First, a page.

Police apologize to Knoxville gun owner for stopping him

Discussion in 'Legal' started by Drizzt, Sep 23, 2007.

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  1. Tyris

    Tyris member

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    For those in positions of authority, this is acceptable.

    Think about it, their mistake/malevolence could have even worse consequences for their victim.

    -T
     
  2. Deanimator

    Deanimator Member

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    I think that's only fair.

    I know the implications of that for which I'm asking to a certainty. Otherwise I wouldn't ask.
     
  3. M_Olson

    M_Olson Member

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    sometimes i wonder if people know the implications of what they are defending.
     
  4. MASTEROFMALICE

    MASTEROFMALICE member

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    Oh, God, no! Not the "threat of a crime" argument! Well, folks, I can't counter that atom bomb of an argument. After all, someone who says he's going to drive drunk is just as good as the guys who's actually doing it, right?

    Tell you what. I'm done with this thread. I've obviously caused it to denigrate horribly.

    But here's a little quest for you Deanimator. Next time someone even speaks of committing a crime, tackle him. Do whatever you can in your power to make sure he doesn't actually commit the crime. Kill him if you have to. Then let me know how your "threat of a crime" argument works for ya.

    It's clearly me against a bunch of self-styled "patriots" who think revolution and subjugating the criminal justice system is the answer to everything.
     
  5. Deanimator

    Deanimator Member

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    So then you don't believe that threatening to shoot a police officer is a crime?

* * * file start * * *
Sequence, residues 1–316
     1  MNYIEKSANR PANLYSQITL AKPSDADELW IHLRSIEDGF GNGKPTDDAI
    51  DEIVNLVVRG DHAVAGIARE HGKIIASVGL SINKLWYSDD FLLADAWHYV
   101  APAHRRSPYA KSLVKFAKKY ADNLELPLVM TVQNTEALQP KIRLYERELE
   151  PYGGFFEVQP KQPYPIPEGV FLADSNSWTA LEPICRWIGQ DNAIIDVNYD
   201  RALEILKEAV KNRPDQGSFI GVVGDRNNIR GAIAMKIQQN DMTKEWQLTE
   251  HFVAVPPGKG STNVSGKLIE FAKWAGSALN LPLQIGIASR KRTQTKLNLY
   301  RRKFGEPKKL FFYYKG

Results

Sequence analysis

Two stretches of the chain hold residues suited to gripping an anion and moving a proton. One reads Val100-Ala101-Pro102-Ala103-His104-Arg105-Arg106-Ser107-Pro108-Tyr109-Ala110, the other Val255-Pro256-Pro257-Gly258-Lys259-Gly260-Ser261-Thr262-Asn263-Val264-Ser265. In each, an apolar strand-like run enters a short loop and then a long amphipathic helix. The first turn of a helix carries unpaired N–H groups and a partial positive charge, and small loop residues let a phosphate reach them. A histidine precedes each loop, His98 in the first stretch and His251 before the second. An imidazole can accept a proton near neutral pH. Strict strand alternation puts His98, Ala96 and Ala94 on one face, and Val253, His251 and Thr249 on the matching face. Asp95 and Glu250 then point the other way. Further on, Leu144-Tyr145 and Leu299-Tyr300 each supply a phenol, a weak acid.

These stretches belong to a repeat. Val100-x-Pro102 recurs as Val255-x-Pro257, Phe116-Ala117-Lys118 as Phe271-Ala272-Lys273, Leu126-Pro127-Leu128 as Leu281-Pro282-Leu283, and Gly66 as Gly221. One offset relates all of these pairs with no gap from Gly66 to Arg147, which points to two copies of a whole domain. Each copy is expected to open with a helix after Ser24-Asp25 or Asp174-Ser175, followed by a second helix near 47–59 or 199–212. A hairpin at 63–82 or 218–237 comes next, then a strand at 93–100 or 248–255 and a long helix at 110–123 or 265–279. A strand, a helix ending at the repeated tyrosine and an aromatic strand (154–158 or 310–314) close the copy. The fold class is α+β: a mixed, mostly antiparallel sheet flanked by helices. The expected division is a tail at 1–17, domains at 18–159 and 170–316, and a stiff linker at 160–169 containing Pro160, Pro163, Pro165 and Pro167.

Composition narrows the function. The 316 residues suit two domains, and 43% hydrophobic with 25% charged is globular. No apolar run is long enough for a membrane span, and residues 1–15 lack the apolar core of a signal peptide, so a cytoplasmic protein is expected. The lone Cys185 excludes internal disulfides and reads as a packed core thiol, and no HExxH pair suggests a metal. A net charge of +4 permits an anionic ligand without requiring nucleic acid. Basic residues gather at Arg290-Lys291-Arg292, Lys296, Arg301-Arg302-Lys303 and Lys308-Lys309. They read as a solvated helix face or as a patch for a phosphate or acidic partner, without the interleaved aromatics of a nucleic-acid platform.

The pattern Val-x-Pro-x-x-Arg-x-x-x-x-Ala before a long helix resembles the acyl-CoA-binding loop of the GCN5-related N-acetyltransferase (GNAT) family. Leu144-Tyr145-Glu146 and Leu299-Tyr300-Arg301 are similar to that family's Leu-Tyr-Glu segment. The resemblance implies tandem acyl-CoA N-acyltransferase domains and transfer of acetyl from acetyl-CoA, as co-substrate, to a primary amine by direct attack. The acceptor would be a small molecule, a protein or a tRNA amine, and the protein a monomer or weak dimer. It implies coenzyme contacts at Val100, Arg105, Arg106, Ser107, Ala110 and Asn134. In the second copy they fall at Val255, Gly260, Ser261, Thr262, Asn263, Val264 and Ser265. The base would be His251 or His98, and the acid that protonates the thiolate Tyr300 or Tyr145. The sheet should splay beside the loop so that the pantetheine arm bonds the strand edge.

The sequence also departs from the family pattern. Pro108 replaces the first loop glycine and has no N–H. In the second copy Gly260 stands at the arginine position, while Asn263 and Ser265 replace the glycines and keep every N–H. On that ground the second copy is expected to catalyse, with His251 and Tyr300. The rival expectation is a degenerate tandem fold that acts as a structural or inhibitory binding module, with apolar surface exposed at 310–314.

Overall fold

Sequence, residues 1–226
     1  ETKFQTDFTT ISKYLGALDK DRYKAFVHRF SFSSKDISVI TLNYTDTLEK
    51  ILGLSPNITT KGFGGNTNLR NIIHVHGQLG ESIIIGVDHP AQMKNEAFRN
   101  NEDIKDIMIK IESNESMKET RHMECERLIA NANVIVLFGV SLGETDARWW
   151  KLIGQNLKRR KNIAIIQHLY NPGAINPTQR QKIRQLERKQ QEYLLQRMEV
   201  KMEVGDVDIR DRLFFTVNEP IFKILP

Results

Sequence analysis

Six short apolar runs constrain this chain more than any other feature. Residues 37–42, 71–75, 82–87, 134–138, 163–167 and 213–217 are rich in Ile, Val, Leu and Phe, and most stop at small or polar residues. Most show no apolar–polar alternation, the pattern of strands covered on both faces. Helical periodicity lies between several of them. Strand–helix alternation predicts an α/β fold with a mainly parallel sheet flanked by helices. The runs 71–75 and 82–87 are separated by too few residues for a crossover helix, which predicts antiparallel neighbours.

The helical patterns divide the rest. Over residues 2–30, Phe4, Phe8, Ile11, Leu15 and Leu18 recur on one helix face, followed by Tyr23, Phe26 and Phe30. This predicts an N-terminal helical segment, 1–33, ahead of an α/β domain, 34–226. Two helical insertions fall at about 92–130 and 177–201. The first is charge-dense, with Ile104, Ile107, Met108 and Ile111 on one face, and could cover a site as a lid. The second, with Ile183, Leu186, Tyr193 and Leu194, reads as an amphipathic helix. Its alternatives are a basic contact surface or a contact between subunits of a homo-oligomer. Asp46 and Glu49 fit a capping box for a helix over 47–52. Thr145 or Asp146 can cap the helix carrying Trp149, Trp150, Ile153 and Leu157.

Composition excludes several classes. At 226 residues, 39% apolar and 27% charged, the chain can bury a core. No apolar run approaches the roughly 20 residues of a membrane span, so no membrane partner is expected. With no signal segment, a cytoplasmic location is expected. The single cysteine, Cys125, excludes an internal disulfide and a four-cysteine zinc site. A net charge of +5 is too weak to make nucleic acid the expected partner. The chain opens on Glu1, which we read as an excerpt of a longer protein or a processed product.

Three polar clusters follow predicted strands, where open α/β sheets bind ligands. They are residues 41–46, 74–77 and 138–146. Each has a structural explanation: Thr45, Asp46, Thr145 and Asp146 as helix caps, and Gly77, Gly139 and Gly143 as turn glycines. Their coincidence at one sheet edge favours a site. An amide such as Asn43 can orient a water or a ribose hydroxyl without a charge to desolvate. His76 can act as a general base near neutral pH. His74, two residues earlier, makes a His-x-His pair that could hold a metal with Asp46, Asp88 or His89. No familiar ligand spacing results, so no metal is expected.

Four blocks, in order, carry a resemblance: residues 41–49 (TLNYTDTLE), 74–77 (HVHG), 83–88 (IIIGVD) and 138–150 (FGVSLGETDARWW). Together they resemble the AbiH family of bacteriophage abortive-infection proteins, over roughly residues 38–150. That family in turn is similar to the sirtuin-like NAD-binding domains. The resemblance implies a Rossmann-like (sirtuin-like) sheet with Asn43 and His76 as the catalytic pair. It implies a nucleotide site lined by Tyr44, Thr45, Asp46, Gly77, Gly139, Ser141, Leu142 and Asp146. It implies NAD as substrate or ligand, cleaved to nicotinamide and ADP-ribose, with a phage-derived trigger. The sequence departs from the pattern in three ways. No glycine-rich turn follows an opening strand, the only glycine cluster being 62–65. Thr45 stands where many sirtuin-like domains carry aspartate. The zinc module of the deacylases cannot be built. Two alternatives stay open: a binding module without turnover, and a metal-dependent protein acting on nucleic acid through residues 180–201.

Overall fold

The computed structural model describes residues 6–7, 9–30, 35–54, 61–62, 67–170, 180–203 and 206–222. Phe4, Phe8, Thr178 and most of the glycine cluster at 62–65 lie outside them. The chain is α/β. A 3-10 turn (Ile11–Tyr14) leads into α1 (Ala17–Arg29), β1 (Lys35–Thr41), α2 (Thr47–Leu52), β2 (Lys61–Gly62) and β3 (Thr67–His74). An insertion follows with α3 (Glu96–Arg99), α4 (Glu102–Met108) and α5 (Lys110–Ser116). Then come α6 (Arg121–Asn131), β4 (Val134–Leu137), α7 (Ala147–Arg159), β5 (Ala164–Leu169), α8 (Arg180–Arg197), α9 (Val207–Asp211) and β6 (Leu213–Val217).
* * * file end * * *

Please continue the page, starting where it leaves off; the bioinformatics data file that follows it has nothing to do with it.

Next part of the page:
Judging by your expressed bitter hatred of internal affairs officers, you would similarly condemn someone for testifying that I threatened a police officer...
     
  6. billhilly66

    billhilly66 Member

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    Well, if the guy threatening to drink and drive is swigging a bottle of tequila and trying to start his car, then I can see your point.

    Just like if the guy threatening to make up charges to arrest you for is wearing a uniform and carrying a gun and badge.

    I hope mod was right and you’re not really who you claim to be.
     
  7. RoadkingLarry

    RoadkingLarry Member

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    Did you not bother to read the whole story or is there some blockage to what you don't want to see?
     
  8. Juggernaut

    Juggernaut Member

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    I did not, and do not, forget that I am carrying. I am always aware and mindful of the fact that I'm carrying, mentally in condition yellow, and I'm always intensely aware when it's not on me, such as when I'm in a restaurant that serves alcohol. My uncovering of my gun as I left the store, (I tucked in my shirt, and did not wear my coat, as it was 90 degrees outside), was an error in judgment (clearly), but not an "oh, silly me, I'm still wearing a gun!" moment.